Killer for the new year

For fans of Killer Sudoku, Samurai Sudoku and other variants

Killer for the new year

Postby nd » Fri Jan 06, 2006 2:07 am

Just finished work on Killer #7:

It's a pretty hard one, I think. Happy solving!
Posts: 28
Joined: 11 September 2005

Postby udosuk » Mon Jan 09, 2006 8:00 pm

The following is my complete walkthrough to this puzzle. You could copy & paste the "ants" text to notepad and read if you're hopelessly stuck... But I suggest everyone to try at least once to crack this marvelous puzzle before referring to the spoilers!

Here is my complete walkthrough to ND's Killer Sudoku 7.
I think it is quite simple and clear enough and hopefully it's understandable to everybody!

Step 1:
Since R[156]C4=8 and R6C[4589]=28, R6C4={45}, R[15]C4={12} or {13}, R6C[589]={689} or {789}.
Since R6C[12367]=45-28=17, R[45]C3+R[45]C7=26+23-17=32=15+17 or 16+16 or 17+15. So R[45]C3 & R[45]C7 are both from {6789}.
Since R6C[89] and R[45]C7 are both from {6789}, they form a "naked quad" in nonet 6, so the remaining 5 cells are {12345}.
Since R[345]C[89]=14+15=29 and R3C[89] is at most 17, R[45]C[89]=(1+2+3+4+5)-R6C7 is at least 12, so R6C7=1, 2 or 3.

Step 2:
Since R6C[89]+R[45]C7=6+7+8+9=30 and R[45]C7 ranges from 15 to 17, R6C[89] ranges from 13 to 15.
On the other hand, R6C[45] cannot exceed 5+9=14, so R6C[89] must be at least 14 to make up the total of 28.
So R6C[89]=14..15, R[45]C7=15..16, R6C[67]=7..8 to make up the 23/4 cage.
Now that R6C7={123}, R6C6 must be from {4567} (1,2,3 are eliminated to make sure the pair sums to at least 7).
Further, 6,7 are also eliminated because R[45]C7 & R6C[89] are in the same cage/row of R6C6 and they already cover {6789}.
So R6C6={45}, forming a naked pair with R6C4!

Step 3:
Last step we had R[45]C7=15..16, so R[45]C3=16..17 to make up 32, i.e. {79} or {89}.
Also, R6C[123]=9..10 to make up the 26/5 cage which now must be from {1236789}.
"Subtraction combo" shows that a pair totalling 10 must be eliminated.
These can be {19},{28} or {37}. But 6 must stay in the cage, which must be within R6C[123]. So R6C[123]={126} or {136}.

Step 4:
Now R6C[89]=14..15 coming from {789}.
This can only be {78}, forcing R[45]C7={69}, R6C5=9, R6C4=28-7-8-9=4, R6C6=5, R6C7=23-6-9-5=3.
Also, Now that R6C[123] must be {126}, R[45]C3 must be 26-1-2-6=17, i.e. {89}.

Step 5:
Now we look at nonet 3. Since R[45]C[89]={1245}=12, R3C[89]=14+15-12=17={89}.
Also, R[123]C7=45-14-17=14 and must be from {12457} now. Subtraction combo eliminates {14}, leaving {257}.
Comparing the 17/3 cage and these 3 cells, R1C6=R3C7+3, and the only remaining possibility is 8=5+3. So R1C6=8, R3C7=5.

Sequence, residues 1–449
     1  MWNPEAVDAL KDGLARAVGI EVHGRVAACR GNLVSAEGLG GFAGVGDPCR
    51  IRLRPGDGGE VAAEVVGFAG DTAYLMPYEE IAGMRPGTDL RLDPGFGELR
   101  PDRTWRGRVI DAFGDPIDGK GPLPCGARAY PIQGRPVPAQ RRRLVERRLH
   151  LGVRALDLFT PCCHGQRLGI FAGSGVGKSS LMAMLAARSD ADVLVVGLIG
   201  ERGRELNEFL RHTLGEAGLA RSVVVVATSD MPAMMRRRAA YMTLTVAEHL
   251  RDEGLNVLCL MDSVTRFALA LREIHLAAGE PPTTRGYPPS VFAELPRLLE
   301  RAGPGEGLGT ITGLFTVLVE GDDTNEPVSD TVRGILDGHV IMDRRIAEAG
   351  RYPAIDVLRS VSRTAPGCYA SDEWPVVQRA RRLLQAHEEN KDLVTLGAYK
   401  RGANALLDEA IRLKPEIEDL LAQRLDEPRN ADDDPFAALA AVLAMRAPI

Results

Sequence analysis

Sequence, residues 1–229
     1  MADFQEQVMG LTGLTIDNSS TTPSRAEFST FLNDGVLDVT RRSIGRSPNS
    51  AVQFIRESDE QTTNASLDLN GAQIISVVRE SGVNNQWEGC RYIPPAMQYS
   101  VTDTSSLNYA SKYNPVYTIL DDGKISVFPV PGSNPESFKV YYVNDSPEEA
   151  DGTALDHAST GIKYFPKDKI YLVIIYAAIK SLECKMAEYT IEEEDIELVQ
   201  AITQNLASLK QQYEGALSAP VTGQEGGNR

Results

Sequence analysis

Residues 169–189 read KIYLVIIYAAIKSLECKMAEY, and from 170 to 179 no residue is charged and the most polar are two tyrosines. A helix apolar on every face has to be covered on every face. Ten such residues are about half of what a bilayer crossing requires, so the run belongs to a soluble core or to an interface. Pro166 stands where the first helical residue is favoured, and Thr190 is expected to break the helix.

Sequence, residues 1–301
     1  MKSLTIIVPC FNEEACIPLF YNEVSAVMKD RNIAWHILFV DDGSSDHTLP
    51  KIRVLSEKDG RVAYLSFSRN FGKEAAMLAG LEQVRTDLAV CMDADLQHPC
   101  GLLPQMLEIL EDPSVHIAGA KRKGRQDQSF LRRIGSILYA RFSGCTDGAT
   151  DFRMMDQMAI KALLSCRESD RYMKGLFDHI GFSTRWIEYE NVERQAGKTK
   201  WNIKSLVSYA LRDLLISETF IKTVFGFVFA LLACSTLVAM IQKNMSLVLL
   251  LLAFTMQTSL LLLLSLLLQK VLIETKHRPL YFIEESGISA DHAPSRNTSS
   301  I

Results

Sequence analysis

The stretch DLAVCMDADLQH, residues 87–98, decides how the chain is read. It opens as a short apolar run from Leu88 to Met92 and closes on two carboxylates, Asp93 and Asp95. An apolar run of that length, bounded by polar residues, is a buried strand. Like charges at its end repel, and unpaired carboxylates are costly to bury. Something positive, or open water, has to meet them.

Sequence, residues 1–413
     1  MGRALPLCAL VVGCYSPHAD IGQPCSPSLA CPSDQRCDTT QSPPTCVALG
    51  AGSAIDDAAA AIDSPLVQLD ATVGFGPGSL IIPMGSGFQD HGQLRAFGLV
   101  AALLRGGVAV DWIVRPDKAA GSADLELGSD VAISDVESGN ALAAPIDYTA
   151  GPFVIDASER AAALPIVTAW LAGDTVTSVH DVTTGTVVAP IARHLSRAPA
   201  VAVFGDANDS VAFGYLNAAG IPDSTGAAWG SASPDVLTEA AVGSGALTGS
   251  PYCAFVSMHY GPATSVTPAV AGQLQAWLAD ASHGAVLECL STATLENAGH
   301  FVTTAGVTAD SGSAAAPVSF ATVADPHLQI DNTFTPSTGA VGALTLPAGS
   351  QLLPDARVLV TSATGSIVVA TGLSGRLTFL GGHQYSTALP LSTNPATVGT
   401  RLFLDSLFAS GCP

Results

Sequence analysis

Step 6:
Focus on C4 now. First we have R[15]C4={13} to make up the 8 with R6C4.
Next, we must have R[789]C4=19. However, R[78]C4 belongs to the 14/4 cage, and cannot exceed 11.
So R9C4=8..9, R[78]C4=10..11, R7C[23]=3..4 i.e. {12} or {13}, so the 1 in R7 must remain in these 2 cells.

Step 7:
Next we go to nonet 9. We already have the naked triple {148} in R[789]C7.
Comparing with the 13/3 cage, we have R7C6=R9C7 and the only common candidate is 4. So R[789]C7=[814] & R9C7=4.
Now we have the part of the 25/5 cage in this nonet summing to 10, which is easily determined as {235}.
The 22/3 cage is of course what's left, {679}.

Step 8:
Since R[345]C6=21-5=16 comes from {12367}, subtraction combo quickly eliminates 1 & 2, leaving the naked triple {367}.
Going down to the 16/4 cage at the bottom, we should see that the 1 in R9 must be in R9C5 or R9C6.
This together with R8C6 being {29} now fixes the cage as {1249}. So 1,2,9 could be eliminated from the rest of nonet 8.
Therefore R9C4=8, R[78]C4=11={56}, R7C[23]=3={12}.
Now we have the naked pair {35} on R7C[89] which basically cracks down the bottom 3 rows!
Still a few twists and turns before we get to the finish line...

Step 9:
Look at the 16/4 cage in the centre. Now it must be from {123468}.
Subtraction combo eliminates a pair summing to 8, i.e. 2 & 6, leaving {1348}.
So, R[45]C5={18} and this naked pair almost cleans up the central 3 columns!

Step 10:
Go to nonet 1 now. R3C[123] is the naked pair {126}.
More importantly, since R[45]C[12]=45-26=19, comparing to the 17/4 cage gives R4C1=R3C2+2.
With R4C1={3457}, we must have R4C1={34}, R3C2={12}, giving us a naked pair in C2 and forcing R6C2=6.
This in turn gives us the naked pair R[67]C3={12} which forces R3C3=6.
To complete the 36/6 cage, we must have R2C[23]=12, and 8+4 is the only option left!

The puzzle is as good as finished now!
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Joined: 17 July 2005

Postby nd » Mon Jan 09, 2006 10:45 pm

Glad you liked this one! Definitely my hardest so far, but I think the solving path flows logically & clearly once you get the hang of it.
Posts: 28
Joined: 11 September 2005

Postby PaulIQ164 » Mon Jan 09, 2006 10:56 pm

What's the notation used in the solution there? I'm afraid I'm not following it.
Posts: 533
Joined: 16 July 2005

Postby nd » Tue Jan 10, 2006 12:19 am

In udosuk's solution I take it you mean? He uses a similar notation to mine, with a few variants:

26(5) = a 5-cell cage that adds to 26

R = row

C = column

so R[156]C4 means the three cells R1C4, R5C4, R6C4.

Curly brackets mean "unordered set" (of numbers): so {689} could be 6, 8, 9, or 6, 9, 8, or 8, 9, 6, or....

There is some shorthand that refers to common strategies: "45 rule" and "subtraction combo" for instance. The former is explained in the tips page of my site ( I'll add "subtraction combo" to that later this evening...
Posts: 28
Joined: 11 September 2005

Postby PaulIQ164 » Tue Jan 10, 2006 1:43 am

Ah yes, I see. It turns the notation meant what I thought it did, I was just being dumb and not seeing the reasons for the steps written. All better now.
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Joined: 16 July 2005

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